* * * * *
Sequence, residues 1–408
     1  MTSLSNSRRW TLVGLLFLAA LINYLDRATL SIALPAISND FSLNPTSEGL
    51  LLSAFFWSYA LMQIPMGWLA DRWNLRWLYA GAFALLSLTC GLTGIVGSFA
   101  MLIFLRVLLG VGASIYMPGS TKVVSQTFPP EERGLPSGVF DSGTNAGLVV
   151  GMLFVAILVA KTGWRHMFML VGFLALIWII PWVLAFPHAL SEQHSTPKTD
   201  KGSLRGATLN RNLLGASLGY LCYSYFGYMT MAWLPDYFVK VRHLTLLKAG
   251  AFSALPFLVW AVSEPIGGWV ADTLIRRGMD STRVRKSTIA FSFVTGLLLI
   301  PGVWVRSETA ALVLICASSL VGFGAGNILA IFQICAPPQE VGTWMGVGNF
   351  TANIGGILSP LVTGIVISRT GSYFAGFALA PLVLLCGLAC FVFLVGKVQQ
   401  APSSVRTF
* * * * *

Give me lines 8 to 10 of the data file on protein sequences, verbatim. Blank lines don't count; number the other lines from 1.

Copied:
   301  PGVWVRSETA ALVLICASSL VGFGAGNILA IFQICAPPQE VGTWMGVGNF
   351  TANIGGILSP LVTGIVISRT GSYFAGFALA PLVLLCGLAC FVFLVGKVQQ
   401  APSSVRTF